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Stranglers In Contrast

May 11, 1987|STEVE HOCHMAN

You wouldn't expect England's Stranglers to seem too thrilled about playing in Hollywood. After all, here's a band that once wrote a song about our charming burg titled "Dead Loss Angeles."

Yet, at the Palladium on Friday, the quartet (augmented by a three-man horn section) cheerfully offered 90 minutes of bright, upbeat songs drawn from its decade's worth of distinctive punk and post-punk material.

But lest anyone mistake this outfit as just another KROQ party band, the Stranglers still presented themselves as the "Meninblack" both sartorially and topically, generally painting a bleak view of the social-political landscape. Such nominally optimistic songs as the lovely "Always the Sun" merely provided a glimmer of hope in the overwhelming darkness.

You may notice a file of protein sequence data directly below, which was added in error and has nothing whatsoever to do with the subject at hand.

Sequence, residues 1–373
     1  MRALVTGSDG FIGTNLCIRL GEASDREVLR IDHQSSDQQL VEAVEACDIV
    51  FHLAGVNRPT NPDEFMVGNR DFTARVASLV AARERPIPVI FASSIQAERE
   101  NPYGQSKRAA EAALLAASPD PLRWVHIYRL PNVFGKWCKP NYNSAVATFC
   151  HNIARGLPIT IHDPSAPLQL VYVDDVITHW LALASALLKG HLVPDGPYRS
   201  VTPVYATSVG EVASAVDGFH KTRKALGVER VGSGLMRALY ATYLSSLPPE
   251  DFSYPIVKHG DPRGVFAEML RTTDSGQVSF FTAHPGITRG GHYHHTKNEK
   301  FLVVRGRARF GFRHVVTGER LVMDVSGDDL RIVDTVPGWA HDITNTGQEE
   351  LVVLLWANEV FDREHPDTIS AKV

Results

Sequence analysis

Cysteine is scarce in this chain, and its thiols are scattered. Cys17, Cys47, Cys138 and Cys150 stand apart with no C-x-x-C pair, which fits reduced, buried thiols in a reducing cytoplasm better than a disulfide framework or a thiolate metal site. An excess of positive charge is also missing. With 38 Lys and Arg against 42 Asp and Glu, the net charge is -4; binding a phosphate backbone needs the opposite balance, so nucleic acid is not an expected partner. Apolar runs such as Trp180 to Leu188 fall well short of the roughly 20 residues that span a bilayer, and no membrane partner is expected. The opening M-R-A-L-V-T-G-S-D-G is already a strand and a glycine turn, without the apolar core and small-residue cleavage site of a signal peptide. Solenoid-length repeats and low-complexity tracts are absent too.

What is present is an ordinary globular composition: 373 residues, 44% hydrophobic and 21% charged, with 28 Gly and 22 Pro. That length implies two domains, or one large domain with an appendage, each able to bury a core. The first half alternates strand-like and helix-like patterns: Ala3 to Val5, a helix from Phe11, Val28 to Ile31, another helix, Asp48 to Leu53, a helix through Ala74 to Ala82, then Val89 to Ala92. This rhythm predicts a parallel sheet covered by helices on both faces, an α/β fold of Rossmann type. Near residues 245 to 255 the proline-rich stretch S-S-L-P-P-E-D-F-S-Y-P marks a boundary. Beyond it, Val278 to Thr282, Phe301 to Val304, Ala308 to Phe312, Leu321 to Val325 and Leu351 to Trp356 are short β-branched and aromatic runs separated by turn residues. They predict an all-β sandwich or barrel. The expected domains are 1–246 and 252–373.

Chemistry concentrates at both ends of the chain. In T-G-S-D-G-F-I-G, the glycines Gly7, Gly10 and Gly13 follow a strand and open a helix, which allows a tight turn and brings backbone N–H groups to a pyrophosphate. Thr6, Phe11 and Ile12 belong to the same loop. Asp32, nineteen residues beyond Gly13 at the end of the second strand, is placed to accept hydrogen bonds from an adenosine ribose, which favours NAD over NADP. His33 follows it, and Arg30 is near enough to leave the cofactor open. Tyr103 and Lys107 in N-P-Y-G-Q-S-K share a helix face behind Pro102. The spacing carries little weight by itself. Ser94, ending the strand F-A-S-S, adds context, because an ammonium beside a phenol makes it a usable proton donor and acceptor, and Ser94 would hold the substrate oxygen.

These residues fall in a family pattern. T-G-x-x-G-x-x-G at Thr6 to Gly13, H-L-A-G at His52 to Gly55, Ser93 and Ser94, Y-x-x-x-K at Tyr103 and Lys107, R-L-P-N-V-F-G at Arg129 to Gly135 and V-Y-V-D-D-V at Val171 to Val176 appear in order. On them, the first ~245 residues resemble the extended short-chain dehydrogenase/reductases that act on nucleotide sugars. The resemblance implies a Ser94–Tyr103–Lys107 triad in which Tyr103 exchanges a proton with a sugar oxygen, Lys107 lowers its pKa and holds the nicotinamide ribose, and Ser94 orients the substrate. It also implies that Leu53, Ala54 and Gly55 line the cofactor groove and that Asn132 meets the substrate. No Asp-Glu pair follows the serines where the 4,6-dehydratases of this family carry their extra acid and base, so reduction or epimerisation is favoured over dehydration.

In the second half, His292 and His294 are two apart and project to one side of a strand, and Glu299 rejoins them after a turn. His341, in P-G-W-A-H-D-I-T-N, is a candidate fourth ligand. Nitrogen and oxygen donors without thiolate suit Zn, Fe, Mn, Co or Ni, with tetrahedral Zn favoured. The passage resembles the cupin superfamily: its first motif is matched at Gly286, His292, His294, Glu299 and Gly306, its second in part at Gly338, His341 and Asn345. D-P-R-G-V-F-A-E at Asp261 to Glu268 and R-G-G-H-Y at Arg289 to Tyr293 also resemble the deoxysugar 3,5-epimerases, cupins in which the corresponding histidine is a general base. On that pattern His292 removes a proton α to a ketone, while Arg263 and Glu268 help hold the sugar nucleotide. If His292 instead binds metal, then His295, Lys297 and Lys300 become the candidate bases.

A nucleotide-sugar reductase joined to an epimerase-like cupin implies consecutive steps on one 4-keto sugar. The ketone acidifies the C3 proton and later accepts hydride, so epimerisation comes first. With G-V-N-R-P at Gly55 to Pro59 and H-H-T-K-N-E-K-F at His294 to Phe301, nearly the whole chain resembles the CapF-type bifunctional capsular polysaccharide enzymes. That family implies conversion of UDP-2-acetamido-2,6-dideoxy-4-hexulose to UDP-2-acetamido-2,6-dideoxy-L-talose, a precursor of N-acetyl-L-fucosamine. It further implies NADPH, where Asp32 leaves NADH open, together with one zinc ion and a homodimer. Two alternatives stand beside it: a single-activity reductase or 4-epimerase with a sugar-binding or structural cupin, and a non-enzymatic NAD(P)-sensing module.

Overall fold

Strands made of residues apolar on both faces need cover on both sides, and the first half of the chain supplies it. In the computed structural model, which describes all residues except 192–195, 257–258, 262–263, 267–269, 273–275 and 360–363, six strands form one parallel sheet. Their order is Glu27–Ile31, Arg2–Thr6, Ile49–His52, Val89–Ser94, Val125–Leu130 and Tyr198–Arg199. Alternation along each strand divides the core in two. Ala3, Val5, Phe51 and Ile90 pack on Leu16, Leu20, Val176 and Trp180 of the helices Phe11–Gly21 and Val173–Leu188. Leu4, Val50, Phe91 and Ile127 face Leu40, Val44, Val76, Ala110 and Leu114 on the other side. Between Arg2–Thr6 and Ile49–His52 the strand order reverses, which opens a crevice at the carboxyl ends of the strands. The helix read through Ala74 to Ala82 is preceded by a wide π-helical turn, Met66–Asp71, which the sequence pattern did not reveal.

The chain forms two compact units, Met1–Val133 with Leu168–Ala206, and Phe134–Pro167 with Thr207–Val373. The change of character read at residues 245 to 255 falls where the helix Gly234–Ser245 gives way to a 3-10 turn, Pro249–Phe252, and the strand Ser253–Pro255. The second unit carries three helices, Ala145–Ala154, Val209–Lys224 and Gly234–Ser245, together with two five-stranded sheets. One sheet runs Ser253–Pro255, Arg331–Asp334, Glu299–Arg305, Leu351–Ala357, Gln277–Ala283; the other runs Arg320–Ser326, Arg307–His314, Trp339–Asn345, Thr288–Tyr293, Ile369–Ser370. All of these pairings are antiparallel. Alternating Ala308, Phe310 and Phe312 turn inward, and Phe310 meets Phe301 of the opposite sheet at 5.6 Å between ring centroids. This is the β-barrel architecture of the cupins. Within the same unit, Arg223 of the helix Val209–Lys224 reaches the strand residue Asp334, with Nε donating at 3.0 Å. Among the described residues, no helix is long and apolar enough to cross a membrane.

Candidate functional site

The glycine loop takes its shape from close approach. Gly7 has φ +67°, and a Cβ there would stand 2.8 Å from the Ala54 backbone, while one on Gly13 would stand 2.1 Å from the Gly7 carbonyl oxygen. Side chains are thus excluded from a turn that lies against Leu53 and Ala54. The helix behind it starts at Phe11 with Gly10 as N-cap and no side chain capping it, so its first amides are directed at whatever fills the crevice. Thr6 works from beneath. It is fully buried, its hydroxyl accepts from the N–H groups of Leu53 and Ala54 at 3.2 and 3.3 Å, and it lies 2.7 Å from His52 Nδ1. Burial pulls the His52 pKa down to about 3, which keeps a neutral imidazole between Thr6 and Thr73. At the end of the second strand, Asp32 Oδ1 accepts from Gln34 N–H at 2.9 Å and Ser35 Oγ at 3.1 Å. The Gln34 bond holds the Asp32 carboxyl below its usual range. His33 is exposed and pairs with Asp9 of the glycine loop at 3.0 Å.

And maybe the band--making its first local appearance in three years-- wasn't really happy to be here: In between-song remarks, gruff-voiced guitarist/singer Hugh Cornwell chided the full house about such things as its restrained behavior and the local weather.

The Stranglers' attitude was underscored in the recent song "Big in America," a brutally unflattering assessment of the meaning of fame in the U.S. Against this, the band's eager-to-please stance seemed like a sarcastic put-on--entertaining though it was.

Second-billed Red Lorry Yellow Lorry made a perfect complement to the Stranglers with an approach that was relentlessly dense and dark, but nonetheless invigorating.

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